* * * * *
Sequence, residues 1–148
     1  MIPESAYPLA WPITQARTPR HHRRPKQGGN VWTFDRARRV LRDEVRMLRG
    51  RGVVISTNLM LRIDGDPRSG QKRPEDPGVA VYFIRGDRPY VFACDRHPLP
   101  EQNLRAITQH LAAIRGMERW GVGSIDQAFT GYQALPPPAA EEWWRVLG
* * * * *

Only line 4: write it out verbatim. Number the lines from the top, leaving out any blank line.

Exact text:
   101  EQNLRAITQH LAAIRGMERW GVGSIDQAFT GYQALPPPAA EEWWRVLG